And BTW, the idea BP has been mistreated by the US government is, to put it kindly, suspect:


I agree with the main thrust of your argument. We could certainly do with a far smaller civil service, but having one that can't do its job properly is the worst option. It's just waste. If we decide that we need to take some money from the private sector (in this case the international private sector) then we need to be in control of the situation, rather than having the really good lawyers and accountants running rings around HMG. Small is beautiful when it actually works.

Of course, we might want to tax multinationals at a relatively low rate, but my guess is that they can afford it better than most of us little folk.

How about we reduce corporation tax to zero and put the minimum wage up to £28k per annum?

And let people go out and choose their "Big 8" (the Liberty necessities without which harm will come to you) ...


... and privatize, charitize, mutualize, and not-for-profitize the entire public sector into a competitive market from which the people choose and buy. So that's the whole public sector no longer funded by the Treasury, but by the individual citizen choosing, voting with their cash, every day. You "voting and elections" lovers can't complain about that, can you?

Even the pols could have role, regulating it to make sure monopolies, closed shops, and restrictive practices don't build up, and ensuring the SLA's meet up with social standards.

The large corporates wouldn't mind because they pay bugger all corp tax anyway, and being mostly high tech companies they pay their employees on average more the £28k anyway. It would be neutral to them.

The SME's would suffer the £28k, but enjoy the "keep the profit" benefit, being, as they are, the only ones who pay corp tax. Neutral to them too.

The low income earners would enjoy the huge contribution they can make to society as a whole and themselves in particular by choosing the big 8 - many of which they have no choice over. Even the most feckless worker / producer might be the best buyer, but today their choosing talents are lost to society and their own self-improvement while Whitehall, the worst chooser of all, does it for them.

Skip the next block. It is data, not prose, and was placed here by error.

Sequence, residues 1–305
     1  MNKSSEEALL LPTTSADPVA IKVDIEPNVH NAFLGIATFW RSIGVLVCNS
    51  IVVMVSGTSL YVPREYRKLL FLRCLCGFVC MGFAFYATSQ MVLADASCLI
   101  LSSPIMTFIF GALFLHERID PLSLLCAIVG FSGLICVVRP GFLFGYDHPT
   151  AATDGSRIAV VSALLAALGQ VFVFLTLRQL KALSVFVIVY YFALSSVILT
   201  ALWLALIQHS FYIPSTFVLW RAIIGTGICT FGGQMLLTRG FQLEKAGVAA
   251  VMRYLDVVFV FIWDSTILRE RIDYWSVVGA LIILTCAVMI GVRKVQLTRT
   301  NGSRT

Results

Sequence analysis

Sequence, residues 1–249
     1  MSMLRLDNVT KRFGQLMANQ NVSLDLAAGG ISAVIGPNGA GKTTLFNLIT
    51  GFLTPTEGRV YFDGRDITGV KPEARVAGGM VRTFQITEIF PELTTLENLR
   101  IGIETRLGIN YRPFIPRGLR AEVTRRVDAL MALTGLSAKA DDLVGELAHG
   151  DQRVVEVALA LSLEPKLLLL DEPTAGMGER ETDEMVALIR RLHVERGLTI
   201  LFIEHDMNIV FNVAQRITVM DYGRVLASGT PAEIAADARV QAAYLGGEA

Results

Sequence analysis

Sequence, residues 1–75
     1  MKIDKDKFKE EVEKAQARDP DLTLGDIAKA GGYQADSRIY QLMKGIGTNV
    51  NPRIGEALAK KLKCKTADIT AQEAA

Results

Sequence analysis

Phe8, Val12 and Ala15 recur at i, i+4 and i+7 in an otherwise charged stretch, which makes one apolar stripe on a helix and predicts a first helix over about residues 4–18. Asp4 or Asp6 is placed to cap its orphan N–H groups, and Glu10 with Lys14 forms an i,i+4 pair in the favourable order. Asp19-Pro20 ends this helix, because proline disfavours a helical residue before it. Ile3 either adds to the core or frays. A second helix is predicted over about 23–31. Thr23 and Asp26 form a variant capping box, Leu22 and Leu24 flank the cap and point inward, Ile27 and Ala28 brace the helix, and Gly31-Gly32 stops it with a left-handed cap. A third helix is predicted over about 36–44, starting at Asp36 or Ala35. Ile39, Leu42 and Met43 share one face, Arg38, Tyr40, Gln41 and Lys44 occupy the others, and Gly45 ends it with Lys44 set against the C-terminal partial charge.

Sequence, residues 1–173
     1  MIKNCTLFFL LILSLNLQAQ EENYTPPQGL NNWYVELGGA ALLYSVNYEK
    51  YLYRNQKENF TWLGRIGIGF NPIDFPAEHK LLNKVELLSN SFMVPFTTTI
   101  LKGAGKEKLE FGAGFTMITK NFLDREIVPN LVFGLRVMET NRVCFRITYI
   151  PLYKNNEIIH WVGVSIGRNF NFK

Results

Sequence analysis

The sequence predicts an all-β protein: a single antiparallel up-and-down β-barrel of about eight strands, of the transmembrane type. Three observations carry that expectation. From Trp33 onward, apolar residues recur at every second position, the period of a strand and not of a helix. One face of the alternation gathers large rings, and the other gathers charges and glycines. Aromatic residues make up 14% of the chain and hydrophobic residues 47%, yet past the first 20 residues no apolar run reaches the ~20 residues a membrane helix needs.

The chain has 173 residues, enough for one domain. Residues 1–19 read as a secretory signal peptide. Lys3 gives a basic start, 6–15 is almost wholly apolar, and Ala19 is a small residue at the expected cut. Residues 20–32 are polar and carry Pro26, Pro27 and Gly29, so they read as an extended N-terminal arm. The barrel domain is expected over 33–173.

The public sector workers would become valued and loved again.

And the economy would become more productive and efficient because the competition would encourage better operational designs. So the deficit would disappear.



It's certainly a seductive-looking option, but has anyone done the actual sums, or worked it out in more detail?

This is a genuine request for more info, rather than a rhetorical dismissal of your point.

As the posts are US-based SoD, I don't know whether either applies "precisely how you present it" but,

All the horseshit you keep presenting SoD deserves, something of a retort.


Go dJrunkers SoD.


The idea of a Guaranteed Minimum Income also solves problems created by automation. Whyaxye's point becomes more important in that environment. Corporations are usually far ahead of regulators in areas like legal loopholes, externalizing costs, market manipulation using psychological and political techniques, technology (high frequency trading for example), and so on. If every citizen gets £28k, how much should a public legal or technology expert make?


Goddam Sir your awareness of "Politicians" earns you a A from me. Or JK generally speaking.